There’s a risk involved with any store refit. But when it’s your only store, and you’re spending £750,000 to dramatically alter the offer of a family-owned forecourt (and need to buy out the other side of the family), it’s a high stakes gamble. Owners David and Ann Charman even had to switch banks.

But the gamble has paid off in spades. Transforming the 1,500 sq ft c-store on his BP forecourt in West Malling, Kent to a 2,800 sq ft mini food emporium in March 2013, sales in the first four weeks increased 45% year-on-year - and have grown ever since. In the process the Blakemore Spar refit has shattered the perception that garage forecourt stores can only be top up and food to go stops, and saw Spar Parkfoot walk away with a trio of awards, including Convenience Retailer of the Year 2014, at the Convenience Retail Awards in March.

As soon as you walk through the door it’s clear this isn’t your bog standard petrol forecourt convenience operator. There’s a range of self-pour olive oils that customers can decant into their container of choice. And throughout the store there’s a vast array of local produce on display from 80 premium suppliers including cheeses, crisps and a superbly presented fresh produce section. “It’s really exciting to be able to take local produce that people in the area know, but they can’t buy it anywhere else but here,” says Charman.

Another highlight is the “incredibly popular” artisan breads - many from France - which are baked in store and retail from £1 to £2.69. And the improved off-licence area - stocking an extended range of Spar wines but also many local beers and ciders - enjoyed sales growth of over 40% following the refit.

But the pièce de résistance is the in-store butchery counter, staffed by two full-time butchers, who not only prepare cuts of meat, but also create their own marinades. “It’s the one thing that’s changed the view of customers coming into our store,” says Charman. “Suddenly, as opposed to being a petrol station with a convenience store, we’ve become a proper supermarket where people can buy a full Sunday roast dinner meal, and that’s been a real fillip for us.”

The food to go offer, already a strong sales performer before the refit, has been further boosted by a new coffee offer and a made-to-order sandwich counter. On the ready meal side, Parkfoot sells both the frozen Cooks range and Spar’s new chilled Italian offer. Parkfoot even sells specialist US confectionery and cereals.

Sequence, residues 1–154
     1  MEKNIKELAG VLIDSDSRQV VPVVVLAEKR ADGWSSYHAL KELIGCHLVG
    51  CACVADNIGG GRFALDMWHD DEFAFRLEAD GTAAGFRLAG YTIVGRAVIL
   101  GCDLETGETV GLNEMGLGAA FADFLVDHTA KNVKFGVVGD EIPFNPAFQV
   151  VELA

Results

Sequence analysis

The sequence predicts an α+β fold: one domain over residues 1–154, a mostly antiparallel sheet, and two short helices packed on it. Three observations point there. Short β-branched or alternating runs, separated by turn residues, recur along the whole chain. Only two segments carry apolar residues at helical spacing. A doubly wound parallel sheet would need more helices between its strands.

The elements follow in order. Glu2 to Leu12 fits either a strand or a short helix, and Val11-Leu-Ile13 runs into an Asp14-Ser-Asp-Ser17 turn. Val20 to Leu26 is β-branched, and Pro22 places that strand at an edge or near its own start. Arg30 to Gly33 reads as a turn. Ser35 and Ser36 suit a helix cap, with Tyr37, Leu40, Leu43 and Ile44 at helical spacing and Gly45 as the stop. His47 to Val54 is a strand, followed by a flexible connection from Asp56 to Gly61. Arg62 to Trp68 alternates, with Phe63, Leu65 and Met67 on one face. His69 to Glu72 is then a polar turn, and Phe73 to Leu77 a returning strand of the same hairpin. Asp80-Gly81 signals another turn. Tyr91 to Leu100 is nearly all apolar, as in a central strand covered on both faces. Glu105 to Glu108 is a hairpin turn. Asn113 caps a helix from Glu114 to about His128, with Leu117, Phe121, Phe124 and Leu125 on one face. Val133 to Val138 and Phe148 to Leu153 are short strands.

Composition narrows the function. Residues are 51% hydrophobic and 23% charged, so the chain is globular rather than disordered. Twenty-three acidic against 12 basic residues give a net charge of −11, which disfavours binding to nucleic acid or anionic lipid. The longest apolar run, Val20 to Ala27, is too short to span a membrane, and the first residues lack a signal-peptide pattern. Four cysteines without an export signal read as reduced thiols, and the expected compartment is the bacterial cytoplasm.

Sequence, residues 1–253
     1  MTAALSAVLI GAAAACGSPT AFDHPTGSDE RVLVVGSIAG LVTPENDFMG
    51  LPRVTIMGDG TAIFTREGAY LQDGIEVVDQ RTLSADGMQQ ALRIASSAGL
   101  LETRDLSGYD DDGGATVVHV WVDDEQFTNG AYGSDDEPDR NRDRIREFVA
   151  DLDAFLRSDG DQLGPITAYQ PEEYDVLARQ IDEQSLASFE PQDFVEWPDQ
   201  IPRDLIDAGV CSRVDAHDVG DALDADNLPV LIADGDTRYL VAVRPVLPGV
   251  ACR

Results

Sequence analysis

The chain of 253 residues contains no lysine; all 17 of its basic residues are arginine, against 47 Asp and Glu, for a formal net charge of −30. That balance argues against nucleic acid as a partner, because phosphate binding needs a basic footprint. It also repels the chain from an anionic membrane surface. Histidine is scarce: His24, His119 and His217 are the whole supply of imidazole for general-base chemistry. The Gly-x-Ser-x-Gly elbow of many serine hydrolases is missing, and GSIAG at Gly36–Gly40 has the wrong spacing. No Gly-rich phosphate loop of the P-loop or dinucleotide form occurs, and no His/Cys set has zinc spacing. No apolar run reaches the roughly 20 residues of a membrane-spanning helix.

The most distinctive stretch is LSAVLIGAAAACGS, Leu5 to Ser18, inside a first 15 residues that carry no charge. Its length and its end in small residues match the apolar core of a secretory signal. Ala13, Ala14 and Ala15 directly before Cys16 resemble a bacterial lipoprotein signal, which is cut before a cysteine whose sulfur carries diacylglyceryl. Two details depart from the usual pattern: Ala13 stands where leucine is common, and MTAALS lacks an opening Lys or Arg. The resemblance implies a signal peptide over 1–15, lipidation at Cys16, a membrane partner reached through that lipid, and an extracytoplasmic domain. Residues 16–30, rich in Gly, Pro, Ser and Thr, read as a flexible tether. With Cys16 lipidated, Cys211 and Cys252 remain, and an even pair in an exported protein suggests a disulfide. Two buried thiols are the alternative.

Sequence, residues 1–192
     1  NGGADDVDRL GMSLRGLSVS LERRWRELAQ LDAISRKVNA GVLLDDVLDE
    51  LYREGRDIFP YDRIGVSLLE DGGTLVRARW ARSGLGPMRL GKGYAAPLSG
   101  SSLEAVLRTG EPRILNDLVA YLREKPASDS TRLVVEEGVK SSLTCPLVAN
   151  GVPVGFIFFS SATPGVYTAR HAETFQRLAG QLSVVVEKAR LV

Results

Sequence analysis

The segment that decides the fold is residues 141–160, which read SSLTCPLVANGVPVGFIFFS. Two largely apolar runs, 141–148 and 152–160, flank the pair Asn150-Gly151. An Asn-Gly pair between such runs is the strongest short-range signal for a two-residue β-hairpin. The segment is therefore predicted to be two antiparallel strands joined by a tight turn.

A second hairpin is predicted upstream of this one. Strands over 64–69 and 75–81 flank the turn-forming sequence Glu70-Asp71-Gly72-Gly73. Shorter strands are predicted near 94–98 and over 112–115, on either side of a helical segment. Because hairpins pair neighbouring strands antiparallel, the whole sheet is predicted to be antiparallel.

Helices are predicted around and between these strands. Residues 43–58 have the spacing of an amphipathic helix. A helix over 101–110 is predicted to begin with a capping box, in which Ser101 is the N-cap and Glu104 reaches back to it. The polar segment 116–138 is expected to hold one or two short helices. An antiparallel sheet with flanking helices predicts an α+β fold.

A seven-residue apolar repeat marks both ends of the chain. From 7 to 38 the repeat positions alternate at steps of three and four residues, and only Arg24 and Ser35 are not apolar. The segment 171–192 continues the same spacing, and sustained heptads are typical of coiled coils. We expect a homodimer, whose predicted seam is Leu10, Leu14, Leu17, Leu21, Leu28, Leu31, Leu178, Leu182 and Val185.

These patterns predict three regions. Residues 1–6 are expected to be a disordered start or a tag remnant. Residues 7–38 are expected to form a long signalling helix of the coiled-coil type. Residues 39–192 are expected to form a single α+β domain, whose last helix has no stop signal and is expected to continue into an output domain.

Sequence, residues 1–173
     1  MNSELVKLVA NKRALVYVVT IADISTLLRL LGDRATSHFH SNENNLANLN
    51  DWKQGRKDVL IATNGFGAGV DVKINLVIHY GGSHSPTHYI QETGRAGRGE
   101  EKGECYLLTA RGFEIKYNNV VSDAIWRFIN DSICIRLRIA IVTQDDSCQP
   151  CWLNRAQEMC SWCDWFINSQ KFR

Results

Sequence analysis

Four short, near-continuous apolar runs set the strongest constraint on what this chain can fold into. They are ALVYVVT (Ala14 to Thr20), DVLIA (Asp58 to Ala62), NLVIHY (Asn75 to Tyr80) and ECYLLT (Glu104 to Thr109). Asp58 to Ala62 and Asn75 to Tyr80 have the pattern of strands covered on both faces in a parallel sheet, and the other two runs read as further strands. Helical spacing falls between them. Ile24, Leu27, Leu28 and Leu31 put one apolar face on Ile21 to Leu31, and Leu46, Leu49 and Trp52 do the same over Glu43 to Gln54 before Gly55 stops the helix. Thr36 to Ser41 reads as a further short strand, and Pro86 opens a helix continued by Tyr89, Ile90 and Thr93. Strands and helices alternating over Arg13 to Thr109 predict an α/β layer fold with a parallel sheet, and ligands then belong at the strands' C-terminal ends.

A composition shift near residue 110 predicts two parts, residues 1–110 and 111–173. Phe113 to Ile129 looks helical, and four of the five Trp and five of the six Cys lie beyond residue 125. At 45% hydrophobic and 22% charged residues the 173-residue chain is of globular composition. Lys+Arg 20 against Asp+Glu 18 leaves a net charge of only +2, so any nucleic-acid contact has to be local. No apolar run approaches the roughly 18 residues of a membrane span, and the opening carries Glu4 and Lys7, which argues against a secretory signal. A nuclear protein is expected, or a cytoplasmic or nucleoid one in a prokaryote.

Nor are the changes limited to the retail offer. As part of a drive to be greener, modern chiller doors have been fitted throughout, there’s an oil recycling facility on site for customers’ use and the store even has its own borehole, which allows it to be completely self-sufficient when it comes to water for its already significant car wash facilities.

Charman increased staff levels from 18 to 29 when the store was refurbished. It’s open 24-7, year round - even Christmas Day. And Parkfoot sold 150 turkeys this year. The response from customers when he followed up the sales with an email was “fantastic”.

But the busiest day is always Easter Sunday, and especially this year: “For five hours there were queues right to the back of the store,” says Charman.

Charman isn’t letting success go to his head. “A lot of credit goes to Spar for their support, but really it’s all about the staff,” he says of the awards. “They’re there round the clock making the store as good as it is. This award is for them and all the hard work they do on a constant basis.” And he’s not finished yet.

With sales up a further 30% in 2014 (following a 70% increase in 2013), Charman plans to add two extra staff. “We’ve been on an exciting journey. The store has changed out of all recognition, it’s been a massive learning curve for all of us, and very rewarding. But we are only 50% there. There’s still much to learn.”